Farley Discusses Caribbean Cruise Softness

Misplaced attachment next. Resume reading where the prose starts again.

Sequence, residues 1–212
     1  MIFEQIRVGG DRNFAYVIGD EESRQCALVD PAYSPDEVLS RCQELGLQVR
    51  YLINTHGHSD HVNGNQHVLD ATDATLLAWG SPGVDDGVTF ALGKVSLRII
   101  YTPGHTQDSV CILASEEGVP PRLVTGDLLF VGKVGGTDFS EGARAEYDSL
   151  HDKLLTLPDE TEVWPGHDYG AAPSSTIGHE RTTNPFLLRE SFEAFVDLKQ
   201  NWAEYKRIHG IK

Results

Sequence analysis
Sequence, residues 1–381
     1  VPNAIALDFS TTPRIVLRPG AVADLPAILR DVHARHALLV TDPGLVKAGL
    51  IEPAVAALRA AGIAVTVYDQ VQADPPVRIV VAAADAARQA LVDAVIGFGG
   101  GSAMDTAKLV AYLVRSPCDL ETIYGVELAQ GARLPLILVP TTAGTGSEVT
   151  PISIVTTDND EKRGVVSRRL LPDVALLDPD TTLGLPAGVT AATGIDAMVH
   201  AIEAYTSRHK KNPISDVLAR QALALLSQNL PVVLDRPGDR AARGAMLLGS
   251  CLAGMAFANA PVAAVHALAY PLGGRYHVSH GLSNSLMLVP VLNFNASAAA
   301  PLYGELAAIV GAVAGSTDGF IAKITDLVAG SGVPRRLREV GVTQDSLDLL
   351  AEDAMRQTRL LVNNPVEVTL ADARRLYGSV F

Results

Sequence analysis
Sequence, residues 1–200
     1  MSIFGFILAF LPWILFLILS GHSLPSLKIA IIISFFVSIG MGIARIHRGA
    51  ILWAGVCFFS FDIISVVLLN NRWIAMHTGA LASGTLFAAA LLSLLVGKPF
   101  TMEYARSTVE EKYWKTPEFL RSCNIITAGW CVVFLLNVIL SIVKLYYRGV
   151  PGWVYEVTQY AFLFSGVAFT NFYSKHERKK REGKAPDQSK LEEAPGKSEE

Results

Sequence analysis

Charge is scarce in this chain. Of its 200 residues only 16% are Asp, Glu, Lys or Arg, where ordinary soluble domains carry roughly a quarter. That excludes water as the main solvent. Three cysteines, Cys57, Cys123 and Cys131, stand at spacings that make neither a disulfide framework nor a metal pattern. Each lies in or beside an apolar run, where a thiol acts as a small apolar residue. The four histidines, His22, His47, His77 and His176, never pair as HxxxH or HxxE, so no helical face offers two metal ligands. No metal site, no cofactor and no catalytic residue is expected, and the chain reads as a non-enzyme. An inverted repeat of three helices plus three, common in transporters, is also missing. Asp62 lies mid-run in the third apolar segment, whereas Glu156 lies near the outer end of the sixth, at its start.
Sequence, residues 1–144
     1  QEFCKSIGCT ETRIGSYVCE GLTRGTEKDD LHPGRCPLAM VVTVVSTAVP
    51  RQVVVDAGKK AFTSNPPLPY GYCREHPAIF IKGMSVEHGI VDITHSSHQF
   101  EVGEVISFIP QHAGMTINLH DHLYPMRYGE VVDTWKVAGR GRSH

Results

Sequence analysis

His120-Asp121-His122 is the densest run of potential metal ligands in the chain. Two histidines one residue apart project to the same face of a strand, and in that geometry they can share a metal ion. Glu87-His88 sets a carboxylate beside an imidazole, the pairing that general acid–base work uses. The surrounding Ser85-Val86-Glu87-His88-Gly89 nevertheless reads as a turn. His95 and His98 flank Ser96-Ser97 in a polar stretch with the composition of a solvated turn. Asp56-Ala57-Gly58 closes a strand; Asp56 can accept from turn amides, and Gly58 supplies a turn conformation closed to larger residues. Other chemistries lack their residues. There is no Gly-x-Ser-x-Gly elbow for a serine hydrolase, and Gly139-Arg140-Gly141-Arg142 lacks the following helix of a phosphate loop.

Robin Farley, a leisure analyst with UBS Warburg, told her firm's investors in a written note that the growing weakness in Caribbean cruise bookings has implications for long-term demand in the region. With a passport required by 2007 or 2008 for all Americans to travel abroad, she sees a slight lessening of berths allocated to the Caribbean. For example, this year 49 percent of Carnival Corp. brands' berths will be in the Caribbean, versus 51 percent in 2005. Royal Caribbean Cruises Ltd's two brands will have 56 percent of capacity in the Caribbean this year, versus 58 percent last year. The passport requirements may be problematic moving forward, particularly in attracting new cruisers. In the past, first time cruisers could—for many Caribbean ports—simply show a birth certificate or driver's license. That's now disappearing and some travelers who don't want to fly to a foreign destination, but who may have considered a cruise from a close-by home port to the Caribbean, may simply refuse to get a passport and seek out other U.S. land-based options. In addition, cruise lines are seeing much higher yields in Europe, and Farley says lines are extending their European seasons; in the past, the lines may only have stayed in Europe through late September or October. Retractable glass domes for outdoor pools also now allow winter Mediterranean cruises. Separately, winter cruising from New York to the Caribbean may ultimately help boost Caribbean price weakness, as the convenience of sailing from the Northeast could result in higher Caribbean pricing from that area. Long-term, Farley says the proposed widening of the Panama Canal could allow mega-ships greater flexibility in itineraries by allowing them to reposition to West Coast, putting the inventory wherever demand is. She also sees the potential for Cuba—if opened up—to revitalize Caribbean demand.


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